Queensland Rail (QR) says it does not have plans to move small freight from the state's north to Brisbane off trains and onto roads.
The Rail, Tram and Bus Union says its members have been told changes to the movement of small freight would come into effect from January next year.
Engineer UGL Ltd says it has secured $108 million in new supply and maintenance projects.
The new orders include the design and manufacture of 10 C44ACi locomotives, incorporating technology from GE Transportation, for Xstrata Coal, a 10-year maintenance program for the locomotives and a further 300 wagons.
The U.S. Congress has raised a monetary Bill, in which funding for Amtrak is contingent on passengers being allowed to take guns onto the train. Guns had been banned from Amtrak services in 2001, in response to terrorism fears.
Rail commuters are facing a second day of disruption after a crash led to a train derailment in Leeds.
The collision, between two empty East Midlands trains at the Neville Hill maintenance depot, took place in the early hours of Tuesday.
Northern Rail said services between Leeds and York were affected and bus services were running on some routes while the carriages were removed.
A FREIGHT train has derailed in central Queensland, causing delays for passenger, coal and freight train services throughout the region.
The 33-wagon Queensland Rail (QR) driver-only freight train was carrying fruit from Cairns to Brisbane when it derailed near Raglan, between Gladstone and Rockhampton, at 2pm (AEST) today.
Waratah Coal says the Federal Government's declaration of major project status for the China First project is an important step forward.
The $7.5 billion project at Alpha, in Queensland's Galilee Basin, includes a new coal mine, clean coal power station and new rail line from Alpha to Abbot Point near Bowen in the state's north.
The National party is keeping pressure on the Victorian Government to standardise the rail network, despite a major grain freight company moving to ease pressure on the system.
The Australian Wheat Board is doubling its grain train fleet in Victoria by commissioning 90 extra wagons to come into service early next year to move this year's big grain harvest.
AWB has commissioned construction of 90 additional grain wagons, which will more than double its fleet of the 68-tonne capacity rail wagons.
The decision to expand the fleet was taken after the excellent operational performance of the original 84 wagons brought into service earlier this year, and with better seasonal conditions in much of south eastern Australia. The expansion of the rail fleet will allow AWB to deliver on its strategy of ensuring supply to its high value customers.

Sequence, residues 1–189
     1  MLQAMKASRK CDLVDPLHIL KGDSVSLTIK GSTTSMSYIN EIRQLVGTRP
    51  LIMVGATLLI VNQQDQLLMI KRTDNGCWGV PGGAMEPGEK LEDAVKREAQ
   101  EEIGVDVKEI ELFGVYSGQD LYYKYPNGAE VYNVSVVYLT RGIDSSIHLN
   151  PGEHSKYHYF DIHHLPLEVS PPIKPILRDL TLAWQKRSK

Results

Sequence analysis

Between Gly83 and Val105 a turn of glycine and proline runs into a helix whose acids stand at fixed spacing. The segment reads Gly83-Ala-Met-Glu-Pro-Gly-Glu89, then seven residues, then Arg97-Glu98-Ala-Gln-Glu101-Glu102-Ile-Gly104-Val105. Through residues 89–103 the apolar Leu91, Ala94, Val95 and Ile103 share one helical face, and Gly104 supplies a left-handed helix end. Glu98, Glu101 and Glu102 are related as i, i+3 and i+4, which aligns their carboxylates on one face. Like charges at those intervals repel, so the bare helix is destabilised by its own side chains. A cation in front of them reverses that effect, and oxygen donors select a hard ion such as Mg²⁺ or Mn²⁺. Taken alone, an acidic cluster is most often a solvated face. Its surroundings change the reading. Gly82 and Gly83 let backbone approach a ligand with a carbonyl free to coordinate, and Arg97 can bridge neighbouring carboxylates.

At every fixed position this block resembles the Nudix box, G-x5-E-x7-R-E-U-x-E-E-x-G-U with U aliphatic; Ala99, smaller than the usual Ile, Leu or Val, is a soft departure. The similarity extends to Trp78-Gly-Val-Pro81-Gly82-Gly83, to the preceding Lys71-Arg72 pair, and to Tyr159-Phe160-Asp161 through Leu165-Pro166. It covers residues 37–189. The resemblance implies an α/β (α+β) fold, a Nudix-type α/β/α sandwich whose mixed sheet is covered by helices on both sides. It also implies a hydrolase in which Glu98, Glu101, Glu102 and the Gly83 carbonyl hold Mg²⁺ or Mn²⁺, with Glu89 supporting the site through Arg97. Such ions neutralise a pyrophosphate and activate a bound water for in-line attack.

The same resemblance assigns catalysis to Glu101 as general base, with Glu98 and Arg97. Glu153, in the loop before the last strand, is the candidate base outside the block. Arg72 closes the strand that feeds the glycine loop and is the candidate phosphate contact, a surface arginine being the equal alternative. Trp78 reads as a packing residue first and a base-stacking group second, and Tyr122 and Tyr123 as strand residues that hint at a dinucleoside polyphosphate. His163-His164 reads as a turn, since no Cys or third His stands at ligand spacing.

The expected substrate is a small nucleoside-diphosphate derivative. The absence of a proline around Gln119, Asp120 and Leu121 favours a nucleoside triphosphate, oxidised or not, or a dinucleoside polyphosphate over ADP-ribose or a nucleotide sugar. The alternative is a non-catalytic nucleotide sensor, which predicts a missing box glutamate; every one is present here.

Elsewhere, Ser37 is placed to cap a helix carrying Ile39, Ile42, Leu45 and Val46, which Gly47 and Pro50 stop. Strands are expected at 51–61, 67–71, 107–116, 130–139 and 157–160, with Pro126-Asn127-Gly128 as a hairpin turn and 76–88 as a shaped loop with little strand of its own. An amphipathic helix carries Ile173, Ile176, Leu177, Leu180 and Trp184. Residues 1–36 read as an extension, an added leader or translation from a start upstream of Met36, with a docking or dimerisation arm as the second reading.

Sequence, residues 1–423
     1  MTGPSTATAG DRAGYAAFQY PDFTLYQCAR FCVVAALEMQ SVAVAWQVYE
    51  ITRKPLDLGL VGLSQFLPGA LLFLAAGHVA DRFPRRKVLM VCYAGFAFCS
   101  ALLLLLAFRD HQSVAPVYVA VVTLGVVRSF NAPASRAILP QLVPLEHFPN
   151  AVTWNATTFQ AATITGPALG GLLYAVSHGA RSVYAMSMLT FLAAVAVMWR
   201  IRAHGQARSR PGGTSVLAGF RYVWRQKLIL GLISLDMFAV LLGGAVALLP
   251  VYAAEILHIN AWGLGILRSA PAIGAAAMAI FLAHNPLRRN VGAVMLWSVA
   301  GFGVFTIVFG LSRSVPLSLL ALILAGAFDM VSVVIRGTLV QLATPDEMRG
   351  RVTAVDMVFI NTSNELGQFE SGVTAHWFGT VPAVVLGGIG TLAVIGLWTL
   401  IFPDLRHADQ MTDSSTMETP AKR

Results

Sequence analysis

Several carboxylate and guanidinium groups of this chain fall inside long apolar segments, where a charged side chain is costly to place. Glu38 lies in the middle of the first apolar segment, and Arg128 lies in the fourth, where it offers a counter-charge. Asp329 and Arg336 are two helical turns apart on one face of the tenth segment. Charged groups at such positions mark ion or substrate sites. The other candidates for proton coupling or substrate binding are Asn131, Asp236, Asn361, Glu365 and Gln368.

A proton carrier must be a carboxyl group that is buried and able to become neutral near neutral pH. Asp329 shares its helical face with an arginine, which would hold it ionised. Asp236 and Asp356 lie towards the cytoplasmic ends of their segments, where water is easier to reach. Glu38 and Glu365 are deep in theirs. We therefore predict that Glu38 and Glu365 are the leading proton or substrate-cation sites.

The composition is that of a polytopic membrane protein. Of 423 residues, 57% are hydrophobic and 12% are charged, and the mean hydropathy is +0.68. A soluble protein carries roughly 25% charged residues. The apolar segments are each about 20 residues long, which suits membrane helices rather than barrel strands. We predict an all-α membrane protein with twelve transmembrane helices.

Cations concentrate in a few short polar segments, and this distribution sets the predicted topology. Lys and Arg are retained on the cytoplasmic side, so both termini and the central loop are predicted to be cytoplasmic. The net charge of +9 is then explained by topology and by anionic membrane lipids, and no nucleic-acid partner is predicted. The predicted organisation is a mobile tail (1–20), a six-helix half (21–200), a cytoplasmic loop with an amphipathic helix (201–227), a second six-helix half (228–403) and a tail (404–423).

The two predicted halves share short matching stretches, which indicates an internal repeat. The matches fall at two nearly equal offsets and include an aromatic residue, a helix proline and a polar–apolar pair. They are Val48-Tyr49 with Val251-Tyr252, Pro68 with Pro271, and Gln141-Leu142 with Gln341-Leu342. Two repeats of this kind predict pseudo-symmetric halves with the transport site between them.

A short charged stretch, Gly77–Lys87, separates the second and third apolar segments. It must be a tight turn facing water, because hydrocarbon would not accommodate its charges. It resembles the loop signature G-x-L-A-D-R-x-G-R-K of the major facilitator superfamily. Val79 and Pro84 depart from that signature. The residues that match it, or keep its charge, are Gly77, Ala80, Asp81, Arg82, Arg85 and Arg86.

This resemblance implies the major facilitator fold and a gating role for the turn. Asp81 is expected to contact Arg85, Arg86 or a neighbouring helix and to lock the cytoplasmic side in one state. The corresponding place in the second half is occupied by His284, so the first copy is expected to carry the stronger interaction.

The additional wagons will be delivered early in 2010 and will mean AWB owns four complete grain trains, with one additional train on lease. AWB’s trains are hauled by specialist freight operator El Zorro.
Rail companies from all over the world are lining up for the chance to move WA's grain by rail.
In a major policy shift, the Cooperative Bulk Handling Group will call for interested parties to bid, but CBH itself may end up deciding to invest in locos and rolling stock.
Current arrangements will remain in place this year, with ARG or the Australian Rail Group continuing to provide the trains for grain freight.
CBH's Michael Musgrave is overseeing the tender process for next year and he says companies from all over the world are showing interest.
The chief executive of Fortescue Metals Group, Andrew Forrest, says Australia is losing its global dominance in the iron ore sector because of poor infrastructure planning.
Mr Forrest's comments follow yesterday's speech by BHP Billiton CEO, Marius Kloppers, in which he said he is still not certain the global financial crisis is over.
Light rail was on the agenda for Brisbane, but Premier Anna Bligh ruled out a return to trams on the city's streets.
Rather, the Premier today launched a vision for an underground light rail project linking Toowong, West End, the CBD, Newstead, Bowen Hills, Bulimba and Bowen Hills by 2030.
Premier Anna Bligh says asset sales will allow the Queensland Government to invest in new projects, such as an underground metro rail system in Brisbane.
She says Brisbane's booming population will need a public transport system like the London Tube by 2030.
Queensland Transport Minister Rachel Nolan has rejected suggestions the Gold Coast's light rail project could be up to two years late.